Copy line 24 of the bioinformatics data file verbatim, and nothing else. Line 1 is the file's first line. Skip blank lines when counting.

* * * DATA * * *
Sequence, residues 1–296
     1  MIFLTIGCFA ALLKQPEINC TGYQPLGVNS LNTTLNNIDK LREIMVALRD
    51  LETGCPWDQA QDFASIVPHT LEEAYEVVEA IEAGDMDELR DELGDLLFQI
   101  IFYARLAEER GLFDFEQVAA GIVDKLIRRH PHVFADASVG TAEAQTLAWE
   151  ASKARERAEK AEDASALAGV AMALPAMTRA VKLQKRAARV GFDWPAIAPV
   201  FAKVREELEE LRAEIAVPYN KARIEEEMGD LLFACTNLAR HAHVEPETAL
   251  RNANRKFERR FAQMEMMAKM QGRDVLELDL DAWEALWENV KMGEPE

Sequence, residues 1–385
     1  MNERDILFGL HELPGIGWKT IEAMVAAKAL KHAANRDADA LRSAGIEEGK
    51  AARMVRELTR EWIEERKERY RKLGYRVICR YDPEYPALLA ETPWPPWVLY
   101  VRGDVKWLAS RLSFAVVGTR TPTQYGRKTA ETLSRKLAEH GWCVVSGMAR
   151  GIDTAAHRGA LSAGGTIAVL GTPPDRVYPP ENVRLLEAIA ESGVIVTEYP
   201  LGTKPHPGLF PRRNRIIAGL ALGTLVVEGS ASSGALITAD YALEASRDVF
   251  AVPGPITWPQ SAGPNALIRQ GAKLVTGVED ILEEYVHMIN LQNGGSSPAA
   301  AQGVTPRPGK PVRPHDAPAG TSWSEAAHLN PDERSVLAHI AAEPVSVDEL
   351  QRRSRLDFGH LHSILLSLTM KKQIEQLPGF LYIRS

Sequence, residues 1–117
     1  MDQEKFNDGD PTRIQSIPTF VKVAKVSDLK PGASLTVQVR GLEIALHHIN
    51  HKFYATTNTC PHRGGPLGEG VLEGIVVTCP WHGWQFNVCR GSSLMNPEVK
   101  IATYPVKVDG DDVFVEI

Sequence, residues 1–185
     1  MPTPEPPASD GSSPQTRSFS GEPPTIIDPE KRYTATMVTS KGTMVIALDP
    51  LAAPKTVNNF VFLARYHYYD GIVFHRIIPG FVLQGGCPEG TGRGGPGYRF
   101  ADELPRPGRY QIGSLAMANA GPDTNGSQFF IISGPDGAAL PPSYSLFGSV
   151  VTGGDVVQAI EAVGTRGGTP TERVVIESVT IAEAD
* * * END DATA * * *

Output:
   101  ADELPRPGRY QIGSLAMANA GPDTNGSQFF IISGPDGAAL PPSYSLFGSV